He could see that it was a bullet wound and that Joe had lost a great deal of blood. He couldn’t find any other injuries. He prayed that they reached the safety of home soon and that Doctor Martin would be waiting for them.
Working quickly, Ben removed the bloodied jacket and shirt and got a glimpse at the damage that had been caused. It was an ugly wound and it had bled profusely. He knew Joe had to have been injured some time ago since the blood flow had stopped. Without thinking, he took a fresh cloth, wet it, and began to clean the wound as best he could. There was just so much of it but it helped to center Ben on the task at hand.
After he had cleaned as much as possible, Ben took a bandage and packed the wound and then wound a length of bandage around his son’s chest. It would have to do until they could get him to a doctor.
Please, God, let my son live. Ben prayed as he cradled Joe’s head in his hands. You said ask and you shall receive and by His wounds we are healed. I ask that you please heal Joseph.
Arriving back at the house, Ben saw that Paul’s buggy was waiting for them in the yard. Thank you for letting Paul get here in time, Father. The buckboard pulled to a stop and Ben waited while Adam dismounted and came around to help get Joe into the house.
“Come on, let’s get you inside,” Adam said, as he pulled his brother’s limp body towards him. He tried to be as gentle as possible so as not to cause Joe pain. He didn’t want to think about what could still happen to the young man. He picked him up in his arms and hurried into the house where he knew help awaited.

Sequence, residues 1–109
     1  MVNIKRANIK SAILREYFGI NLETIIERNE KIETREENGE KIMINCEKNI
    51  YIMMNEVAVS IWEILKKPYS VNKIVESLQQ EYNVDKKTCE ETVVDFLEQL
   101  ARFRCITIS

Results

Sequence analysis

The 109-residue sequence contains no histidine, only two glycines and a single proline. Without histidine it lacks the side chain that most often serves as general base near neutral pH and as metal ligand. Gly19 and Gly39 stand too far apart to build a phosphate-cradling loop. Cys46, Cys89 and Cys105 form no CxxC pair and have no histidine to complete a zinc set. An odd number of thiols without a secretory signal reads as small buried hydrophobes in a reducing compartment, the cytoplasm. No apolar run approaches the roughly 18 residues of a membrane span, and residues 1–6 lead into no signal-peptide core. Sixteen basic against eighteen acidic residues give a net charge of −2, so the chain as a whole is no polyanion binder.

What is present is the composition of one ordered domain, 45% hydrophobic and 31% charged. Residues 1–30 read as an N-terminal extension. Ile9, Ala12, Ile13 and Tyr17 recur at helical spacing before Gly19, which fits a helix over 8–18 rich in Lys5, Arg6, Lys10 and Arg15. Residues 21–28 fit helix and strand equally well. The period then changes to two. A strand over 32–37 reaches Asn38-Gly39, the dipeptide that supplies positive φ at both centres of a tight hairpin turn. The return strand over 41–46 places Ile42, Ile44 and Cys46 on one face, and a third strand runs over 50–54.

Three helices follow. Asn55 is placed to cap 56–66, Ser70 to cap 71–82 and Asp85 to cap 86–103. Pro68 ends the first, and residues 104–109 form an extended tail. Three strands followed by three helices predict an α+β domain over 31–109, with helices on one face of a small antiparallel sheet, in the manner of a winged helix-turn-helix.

“Paul, he’s been shot. We don’t know how long ago and we haven’t been able to find any other injuries, save for the bullet wound,” Ben said as he followed the procession up the stairs. “He hasn’t regained consciousness, either.”
Entering the bedroom, Adam placed Joe in the bed and stepped back. He didn’t want to get into the doctor’s way as he worked. Running his hands through his hair, a sure sign of his agitation, he watched as the bandages were cut from the still body. He hadn’t gotten a look at the wound and he instinctively recoiled from seeing someone he loved hurt.
“What do you want me to do?” Ben inquired. He wasn’t going to leave Joe. He couldn’t bear the thought of his son being alone through all of this. He knew, intellectually, that Paul was there but it wasn’t the same as having family around you.
“Ben, I need your help. I need for you to get water boiling, bandages, and clean linens,” Paul told him. He could see the determination in his friend’s face. He couldn’t bring himself to eject them from the room. “I’m also going to need more light, so bring as many lamps in here that you can.”
Hoss looked at his father, seeking a reassurance that things would be alright. It was incomprehensible that things had gotten so messed up in their lives.
“Adam, Hoss,” Ben started, “I need for you to get the things Paul needs to operate. After you get those things together, I want to go and get some food and rest. I’m sure we’ll all need before this is over.”
Ben watched as his sons went to do his bidding. Turning back to the bed, he was in time to see the eyelids flicker on the still face. Heart quickening, he leaned over and watched for more signs of consciousness from his son.
“I’m here, Joseph,” Ben’s voice quivered, as he brushed the curls back from the boy’s forehead. He gripped his son’s hand in his, hoping to let his son know he wasn’t alone. “Just be still and know we’re all here with you. We won’t leave. We need you to fight for us, too. We need you here and we need you to try as hard as you can to stay. Do you understand, Joe?”